Putin Eyes Ukraine’s Space and Defense Industries

Russian President Vladimir Putin looks over plans for Vostochny. (Credit: Roscosmos)
Russian President Vladimir Putin looks over plans for Vostochny. (Credit: Roscosmos)

When the Soviet Union collapsed in 1991, the Russian Federation was left with some key installations and capabilities in newly-independent nations. Kazakhstan had authority over the main launch facility at Baikonur, while Ukraine found itself in control of ballistic missile producer Yuzhmash, the Yuzhnoye bureau that designs Yuzhmash’s rockets, and a host of other defense companies.

Today, more than 50 Ukrainian arms factories turn out technologies that are vital for the nation’s tottering economy and the Russian military that now threatens to invade it. The factories are located in the southern and eastern portions of Ukraine, where Moscow-based separatists have wrestled control away from local authorities.

With the fate of these regions and companies still very much up for grabs, the outcome is of concern far beyond eastern Ukraine. Launch providers in the United States, Europe and Brazil are looking on with great concern and trepidation.

Kateryna Choursina and James M. Gomez of Bloomberg News report that Ukraine’s arms industry is both a prize and and problem for Russian President Vladimir Putin:

“Taking Ukraine’s eastern and southern regions would be hugely beneficial for Russia from a military and economic point of view,” said Mikhail Barabanov, the editor-in-chief of the Moscow Defense Brief magazine. “Russia will have control of the very important and valuable defense companies and plants.”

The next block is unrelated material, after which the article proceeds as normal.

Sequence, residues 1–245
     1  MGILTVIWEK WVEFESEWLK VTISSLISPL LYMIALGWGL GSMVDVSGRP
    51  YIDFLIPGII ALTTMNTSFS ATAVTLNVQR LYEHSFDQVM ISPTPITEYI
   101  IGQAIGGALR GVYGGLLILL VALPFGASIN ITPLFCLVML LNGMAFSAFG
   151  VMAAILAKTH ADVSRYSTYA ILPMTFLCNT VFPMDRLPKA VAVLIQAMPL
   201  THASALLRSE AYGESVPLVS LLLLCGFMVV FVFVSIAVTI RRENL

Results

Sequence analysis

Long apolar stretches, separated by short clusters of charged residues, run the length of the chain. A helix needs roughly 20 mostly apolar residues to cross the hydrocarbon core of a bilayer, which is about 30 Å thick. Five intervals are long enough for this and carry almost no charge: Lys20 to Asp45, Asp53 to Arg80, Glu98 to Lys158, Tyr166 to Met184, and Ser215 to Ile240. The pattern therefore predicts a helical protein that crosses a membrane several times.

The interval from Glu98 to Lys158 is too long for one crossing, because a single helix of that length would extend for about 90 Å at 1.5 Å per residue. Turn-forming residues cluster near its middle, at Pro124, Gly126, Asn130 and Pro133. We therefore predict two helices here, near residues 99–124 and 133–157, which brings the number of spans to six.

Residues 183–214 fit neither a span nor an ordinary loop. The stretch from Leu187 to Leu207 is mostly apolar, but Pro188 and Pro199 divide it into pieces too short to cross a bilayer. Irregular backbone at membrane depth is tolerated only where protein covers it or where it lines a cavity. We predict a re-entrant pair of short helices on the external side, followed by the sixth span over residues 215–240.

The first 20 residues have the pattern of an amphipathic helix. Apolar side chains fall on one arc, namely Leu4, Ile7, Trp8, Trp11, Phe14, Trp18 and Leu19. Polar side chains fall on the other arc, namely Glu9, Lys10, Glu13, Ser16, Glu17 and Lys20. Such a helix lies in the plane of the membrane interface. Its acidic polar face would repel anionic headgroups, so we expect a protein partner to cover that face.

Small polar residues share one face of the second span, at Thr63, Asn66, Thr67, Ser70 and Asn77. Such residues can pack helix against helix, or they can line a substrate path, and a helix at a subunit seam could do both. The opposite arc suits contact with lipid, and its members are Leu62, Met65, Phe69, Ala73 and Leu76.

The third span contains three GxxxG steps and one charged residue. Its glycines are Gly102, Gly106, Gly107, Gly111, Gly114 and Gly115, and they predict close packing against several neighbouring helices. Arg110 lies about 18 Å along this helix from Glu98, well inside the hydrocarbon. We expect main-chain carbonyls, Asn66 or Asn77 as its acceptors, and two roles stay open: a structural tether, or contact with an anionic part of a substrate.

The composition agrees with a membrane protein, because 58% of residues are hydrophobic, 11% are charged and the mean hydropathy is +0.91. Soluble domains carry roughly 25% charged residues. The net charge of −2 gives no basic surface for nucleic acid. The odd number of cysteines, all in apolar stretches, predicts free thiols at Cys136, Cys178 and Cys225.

The Russian government’s $15 billion agreement with ousted Ukrainian President Viktor Yanukovych in December included a trade pact that set out to further intertwine the two countries’ defense industries. Putin has since warned that disruption to supplies would harm his military’s capability. Last week he said it would also be catastrophic for the Ukrainian arms industry.

More than half of Russia’s nuclear arsenal was built in Ukraine or is equipped with a Ukraine-made navigation system, according to analysts including Serhiy Zgurets, the chief editor of Defense Express, a Ukrainian military consultancy.

The factories in the eight regions of Ukraine form the strategic backbone of an industry with $1.3 billion in annual exports. As well as Antonov air cargo transporters, Mi-8/17 and Mi-26 attack helicopter engines, they produce equipment for Albatros submarine chasers and service ballistic missiles….

Although Putin could scoop up an enormous amount of arms production capabilities, the cost could be prohibitive:

Russia won’t seek to annex the region because of the risks of getting bogged down in a civil war, capital flight from Moscow and having to rescue the local economy, according to Barbara von Ow-Freytag, who advised the German government from 2008 to 2013 on Russian issues.

“Putin’s main goal right now isn’t an invasion of eastern Ukraine,” she said in a May 4 interview. “He’d do it if he could pull it off, but it would be far too expensive.”